A formerly-paralyzed monkey is back in poop-flinging shape thanks to a pioneering technique by researchers at Japan’s Science and Technology Agency and the University of Washington. They were able to restore the monkey’s upper limb movement with a new electronic bypass system which created a neural bridge. This is some serious sci-fi stuff right here.
The monkey had a lesion on one side of its spinal cord at the C2 level. To restore the connection, this artificial neural bridge picked up signals in the spinal cord above the injury, then transmitted those signals back to the cord below the injury, bypassing the lesion entirely. The monkey was then able to use its previously-paralyzed hand.
This isn’t the first bypass system we’ve heard of, but it is a great improvement. A few years ago, researchers in Japan used a neural bridge to send signals to a paralyzed rat’s back legs. That system, however, only moved the back legs when the rat moved its front legs. This newer neural bridge reads the monkey’s own brain signals and sends them past the injury site.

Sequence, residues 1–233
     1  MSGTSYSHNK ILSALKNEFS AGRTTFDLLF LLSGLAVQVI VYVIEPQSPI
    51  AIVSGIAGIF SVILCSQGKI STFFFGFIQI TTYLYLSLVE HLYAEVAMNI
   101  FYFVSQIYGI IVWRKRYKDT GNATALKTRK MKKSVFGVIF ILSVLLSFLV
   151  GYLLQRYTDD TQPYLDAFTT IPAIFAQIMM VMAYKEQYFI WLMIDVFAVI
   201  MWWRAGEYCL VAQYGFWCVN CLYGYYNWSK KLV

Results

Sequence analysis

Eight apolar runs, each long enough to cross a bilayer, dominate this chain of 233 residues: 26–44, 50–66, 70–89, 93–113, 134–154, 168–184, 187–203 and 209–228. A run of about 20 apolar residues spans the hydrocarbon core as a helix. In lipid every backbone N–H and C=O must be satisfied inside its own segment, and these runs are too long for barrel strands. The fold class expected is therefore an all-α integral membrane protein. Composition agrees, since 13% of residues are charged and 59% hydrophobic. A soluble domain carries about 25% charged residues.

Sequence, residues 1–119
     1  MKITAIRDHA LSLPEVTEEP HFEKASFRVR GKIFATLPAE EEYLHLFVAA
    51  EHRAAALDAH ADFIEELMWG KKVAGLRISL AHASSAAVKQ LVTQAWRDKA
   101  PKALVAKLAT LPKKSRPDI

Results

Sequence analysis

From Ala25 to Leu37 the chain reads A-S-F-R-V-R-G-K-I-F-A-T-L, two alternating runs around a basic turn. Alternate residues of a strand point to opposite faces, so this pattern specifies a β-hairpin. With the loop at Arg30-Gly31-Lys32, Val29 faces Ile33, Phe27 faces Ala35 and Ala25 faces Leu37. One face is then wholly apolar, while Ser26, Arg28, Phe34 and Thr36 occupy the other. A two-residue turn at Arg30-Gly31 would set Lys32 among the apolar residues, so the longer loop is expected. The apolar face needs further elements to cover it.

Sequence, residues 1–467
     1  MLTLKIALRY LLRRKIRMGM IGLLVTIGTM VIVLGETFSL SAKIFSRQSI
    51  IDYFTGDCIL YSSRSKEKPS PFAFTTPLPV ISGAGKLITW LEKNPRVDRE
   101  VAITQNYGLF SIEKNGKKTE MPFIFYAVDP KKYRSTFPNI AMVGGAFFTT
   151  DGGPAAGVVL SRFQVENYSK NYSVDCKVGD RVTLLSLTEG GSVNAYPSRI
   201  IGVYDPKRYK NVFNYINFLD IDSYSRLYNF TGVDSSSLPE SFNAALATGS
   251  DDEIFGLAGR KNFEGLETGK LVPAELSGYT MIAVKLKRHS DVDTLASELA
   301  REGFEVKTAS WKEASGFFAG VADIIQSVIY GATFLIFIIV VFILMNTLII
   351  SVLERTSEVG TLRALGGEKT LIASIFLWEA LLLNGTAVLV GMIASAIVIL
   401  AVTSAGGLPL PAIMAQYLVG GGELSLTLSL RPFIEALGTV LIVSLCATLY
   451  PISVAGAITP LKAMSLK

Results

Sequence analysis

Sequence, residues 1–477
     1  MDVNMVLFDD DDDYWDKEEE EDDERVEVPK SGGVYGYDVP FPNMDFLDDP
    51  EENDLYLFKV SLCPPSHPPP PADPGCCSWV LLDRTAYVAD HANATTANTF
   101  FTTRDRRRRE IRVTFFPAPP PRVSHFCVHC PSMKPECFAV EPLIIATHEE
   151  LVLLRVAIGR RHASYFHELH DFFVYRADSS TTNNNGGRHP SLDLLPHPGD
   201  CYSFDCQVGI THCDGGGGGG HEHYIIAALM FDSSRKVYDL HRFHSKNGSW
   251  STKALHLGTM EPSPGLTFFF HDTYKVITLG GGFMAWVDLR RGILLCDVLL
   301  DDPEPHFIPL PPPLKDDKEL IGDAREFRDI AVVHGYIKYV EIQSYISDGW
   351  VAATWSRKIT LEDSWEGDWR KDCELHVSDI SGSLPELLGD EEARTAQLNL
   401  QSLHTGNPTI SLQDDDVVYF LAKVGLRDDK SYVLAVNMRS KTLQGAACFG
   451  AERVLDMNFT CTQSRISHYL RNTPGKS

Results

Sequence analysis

Okay, monkey. You have the use of your hand back, so you can stop making excuses about how you’ll write the Great American Novel eventually. Frankly, we’re sick of hearing your lazy daydreams. Get to work.